The girl's eyes were wide-fixed, staring at this first reality of life. A thousand new thoughts jostled for recognition. Suddenly her world had been swept from beneath her. The ancient patriarchal, kindly rule had passed away, and in its place she was forced to see a grim iron bond of death laid over her domain. And her father--no longer the grave, kindly old man--had become the ruthless tyrant. All these bright, laughing voyageurs, playmates of her childhood, were in reality executioners of a savage blood-law. She could not adjust herself to it.

She got to her feet with an effort.

"Thank you, Mrs. Cockburn," she said, in a low voice. "I--I do not quite understand. But I must go now. I must--I must see that my father's room is ready for him," she finished, with the proud defensive instinct of the woman who has been deeply touched. "You know I always do that myself."

"Good-night, dearie," replied the older woman, understanding well the girl's desire to shelter behind the commonplace. She leaned forward and kissed her. "God keep and guide you. I hope I have done right."

"Yes," cried Virginia, with unexpected fire. "Yes, you did just right! I ought to have been told long ago! They've kept me a perfect child to whom everything has been bright and care-free and simple. I--I feel that until this moment I have lacked my real womanhood!"

She bowed her head and passed through the log room into the outer air.

Her father, her father, had willed this man's death, and so he was to die! That explained many things--the young fellow's insolence, his care-free recklessness, his passionate denunciation of the Reverend Crane and the Reverend Crane's religion. He wanted one little thing--the gift of a rifle wherewith to assure his subsistence should he escape into the forest--and of all those at Conjuror's House to whom he might turn for help, some were too hard to give it to him, and some too afraid! He should have it! She, the daughter of her father, would see to it that in this one instance her father's sin should fail! Suddenly, in the white heat of her emotion, she realized why these matters stirred her so profoundly, and she stopped short and gasped with the shock of it. It did not matter that she thwarted her father's will; it would not matter if she should be discovered and punished as only these harsh characters could punish. For the brave bearing, the brave jest, the jaunty facing of death, the tender, low voice, the gay song, the aurora-lit moment of his summons--all these had at last their triumph. She knew that she loved him; and that if he were to die, she would surely die too.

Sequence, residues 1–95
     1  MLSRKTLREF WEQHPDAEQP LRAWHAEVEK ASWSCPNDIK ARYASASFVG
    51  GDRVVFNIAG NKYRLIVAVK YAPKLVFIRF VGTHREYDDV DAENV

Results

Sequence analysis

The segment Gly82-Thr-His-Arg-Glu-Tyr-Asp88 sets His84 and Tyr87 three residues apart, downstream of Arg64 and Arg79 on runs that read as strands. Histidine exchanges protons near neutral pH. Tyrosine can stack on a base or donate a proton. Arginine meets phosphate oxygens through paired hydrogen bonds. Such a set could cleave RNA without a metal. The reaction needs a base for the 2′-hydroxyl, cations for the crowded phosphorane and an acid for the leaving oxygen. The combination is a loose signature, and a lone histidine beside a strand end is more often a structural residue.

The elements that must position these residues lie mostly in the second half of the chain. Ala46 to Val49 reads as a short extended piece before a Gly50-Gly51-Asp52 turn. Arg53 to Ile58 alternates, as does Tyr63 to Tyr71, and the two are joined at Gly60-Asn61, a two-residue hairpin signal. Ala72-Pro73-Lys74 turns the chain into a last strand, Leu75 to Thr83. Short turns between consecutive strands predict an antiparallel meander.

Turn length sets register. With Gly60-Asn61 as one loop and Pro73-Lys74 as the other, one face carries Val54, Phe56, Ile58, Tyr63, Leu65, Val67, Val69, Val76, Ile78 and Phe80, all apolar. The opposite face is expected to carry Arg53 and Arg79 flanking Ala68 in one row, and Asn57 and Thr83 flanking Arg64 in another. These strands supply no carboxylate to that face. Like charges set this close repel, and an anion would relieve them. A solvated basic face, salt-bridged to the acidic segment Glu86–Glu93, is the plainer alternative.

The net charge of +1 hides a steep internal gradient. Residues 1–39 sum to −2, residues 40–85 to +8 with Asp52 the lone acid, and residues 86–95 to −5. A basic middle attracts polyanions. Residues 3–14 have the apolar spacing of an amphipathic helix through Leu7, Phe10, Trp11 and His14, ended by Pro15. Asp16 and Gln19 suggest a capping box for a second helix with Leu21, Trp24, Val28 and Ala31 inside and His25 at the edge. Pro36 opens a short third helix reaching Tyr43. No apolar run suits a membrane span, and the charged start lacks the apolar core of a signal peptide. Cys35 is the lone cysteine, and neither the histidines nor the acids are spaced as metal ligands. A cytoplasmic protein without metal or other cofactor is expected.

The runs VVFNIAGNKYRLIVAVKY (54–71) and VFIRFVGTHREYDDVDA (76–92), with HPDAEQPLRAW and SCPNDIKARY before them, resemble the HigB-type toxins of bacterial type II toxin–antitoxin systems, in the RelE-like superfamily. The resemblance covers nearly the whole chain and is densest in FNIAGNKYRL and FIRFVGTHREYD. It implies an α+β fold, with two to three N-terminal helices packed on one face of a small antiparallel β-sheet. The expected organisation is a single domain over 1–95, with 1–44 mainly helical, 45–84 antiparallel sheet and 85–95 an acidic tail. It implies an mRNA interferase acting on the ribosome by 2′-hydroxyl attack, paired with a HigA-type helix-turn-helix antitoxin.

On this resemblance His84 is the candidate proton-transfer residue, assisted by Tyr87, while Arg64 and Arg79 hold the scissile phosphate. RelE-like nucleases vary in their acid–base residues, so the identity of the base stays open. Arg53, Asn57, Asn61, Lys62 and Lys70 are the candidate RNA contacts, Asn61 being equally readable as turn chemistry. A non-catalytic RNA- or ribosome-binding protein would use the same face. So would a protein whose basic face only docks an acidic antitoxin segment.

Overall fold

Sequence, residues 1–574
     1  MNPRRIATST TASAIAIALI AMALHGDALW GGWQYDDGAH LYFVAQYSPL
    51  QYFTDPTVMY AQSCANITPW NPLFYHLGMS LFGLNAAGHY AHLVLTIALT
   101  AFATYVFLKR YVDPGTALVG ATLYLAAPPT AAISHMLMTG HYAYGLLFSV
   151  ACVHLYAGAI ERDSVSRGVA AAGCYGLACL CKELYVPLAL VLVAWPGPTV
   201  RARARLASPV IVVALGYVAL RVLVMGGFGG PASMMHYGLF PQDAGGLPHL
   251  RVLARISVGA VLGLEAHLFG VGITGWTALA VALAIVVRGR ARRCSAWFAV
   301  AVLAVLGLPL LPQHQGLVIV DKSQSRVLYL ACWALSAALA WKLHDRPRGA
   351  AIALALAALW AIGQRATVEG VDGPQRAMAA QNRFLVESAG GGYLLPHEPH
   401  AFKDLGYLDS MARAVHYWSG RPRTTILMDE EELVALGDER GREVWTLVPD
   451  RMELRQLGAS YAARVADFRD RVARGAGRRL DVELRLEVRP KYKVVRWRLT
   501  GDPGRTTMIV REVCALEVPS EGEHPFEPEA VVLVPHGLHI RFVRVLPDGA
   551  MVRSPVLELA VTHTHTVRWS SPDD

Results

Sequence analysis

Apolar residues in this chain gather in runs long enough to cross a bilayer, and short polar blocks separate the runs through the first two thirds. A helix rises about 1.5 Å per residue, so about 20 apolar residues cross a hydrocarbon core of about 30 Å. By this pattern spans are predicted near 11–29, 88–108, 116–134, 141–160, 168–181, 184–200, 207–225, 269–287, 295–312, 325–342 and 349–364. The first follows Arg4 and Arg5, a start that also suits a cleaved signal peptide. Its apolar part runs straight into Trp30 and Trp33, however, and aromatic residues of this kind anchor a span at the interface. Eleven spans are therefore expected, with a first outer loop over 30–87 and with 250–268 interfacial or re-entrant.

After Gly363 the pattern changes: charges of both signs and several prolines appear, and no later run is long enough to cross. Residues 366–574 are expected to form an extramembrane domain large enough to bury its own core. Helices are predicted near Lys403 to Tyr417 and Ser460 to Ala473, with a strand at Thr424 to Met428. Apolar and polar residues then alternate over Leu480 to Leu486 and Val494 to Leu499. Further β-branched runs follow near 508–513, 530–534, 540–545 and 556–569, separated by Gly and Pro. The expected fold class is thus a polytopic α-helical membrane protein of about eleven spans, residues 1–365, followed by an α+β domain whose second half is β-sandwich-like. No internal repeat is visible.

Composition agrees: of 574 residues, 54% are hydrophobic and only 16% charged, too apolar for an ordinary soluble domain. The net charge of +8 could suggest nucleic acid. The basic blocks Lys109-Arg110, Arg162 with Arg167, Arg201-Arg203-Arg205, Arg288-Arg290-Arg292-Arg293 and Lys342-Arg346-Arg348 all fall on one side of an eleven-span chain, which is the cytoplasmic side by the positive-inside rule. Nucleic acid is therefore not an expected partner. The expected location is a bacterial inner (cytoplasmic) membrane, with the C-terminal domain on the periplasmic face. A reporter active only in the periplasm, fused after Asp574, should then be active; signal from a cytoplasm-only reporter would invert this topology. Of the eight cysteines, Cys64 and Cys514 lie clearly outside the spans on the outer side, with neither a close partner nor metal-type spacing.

And, oh, it must be that he loved her! Had she not heard it in the music of his voice from the first?--the passion of his tones? the dreamy, lyrical swing of his talk by the old bronze guns?

Then she staggered sharply, and choked back a cry. For out of her recollections leaped two sentences of his--the first careless, imprudent, unforgivable; the second pregnant with meaning. "Ah, a star shoots!" he had said. "That means a kiss!" and again, to the clergyman, "I came here without the slightest expectation of getting what I asked for. There is another way, but I hate to use it."

She was the other way! She saw it plainly. He did not love her, but he saw that he could fascinate her, and he hoped to use her as an aid to his escape. She threw her head up proudly.

Then a man swung into view across the Northern Lights. Virginia pressed back against the palings among the bushes until he should have passed. It was Ned Trent, returning from a walk to the end of the island. He was alone and unfollowed, and the girl realized with a sudden grip at the heart that the wilderness itself was sufficient safe-guard against a man unarmed and unequipped. It was not considered worth while even to watch him. Should he escape, unarmed as he was, sure death by starvation awaited him in the land of dread.

As he entered the settlement he struck up an air.

    "Le fils du roi s'en va chassant,
    En roulant ma boule,
    Avec son grand fusil d'argent,
    Rouli roulant, ma boule roulant."

Almost immediately a window slid back, and an exasperated voice cried out:

"Hola dere, w'at one time dam fool you for mak' de sing so late!"

The voice went on imperturbably:

    "Avec son grand fusil d'argent,
    En roulant ma boule,
    Visa le noir, tua le blanc,
    Rouli roulant, ma boule roulant."

"Sacre!" shrieked the habitant.

"Hello, Johnny Frenchman!" called Ned Trent, in his acid tones. "That you? Be more polite, or I'll stand here and sing you the whole of it."

The window slammed shut.

Ned Trent took up his walk again toward some designated sleeping-place of his own, his song dying into the distance.

    "Visa le noir, tua le blanc,
    En roulant ma boule,
    O fils du roi, tu es mechant!
    Rouli roulant, ma boule roulant."

"And he can sing!" cried the girl bitterly to herself. "At such a time! Oh, my dear God, help me, help me! I am the unhappiest girl alive!"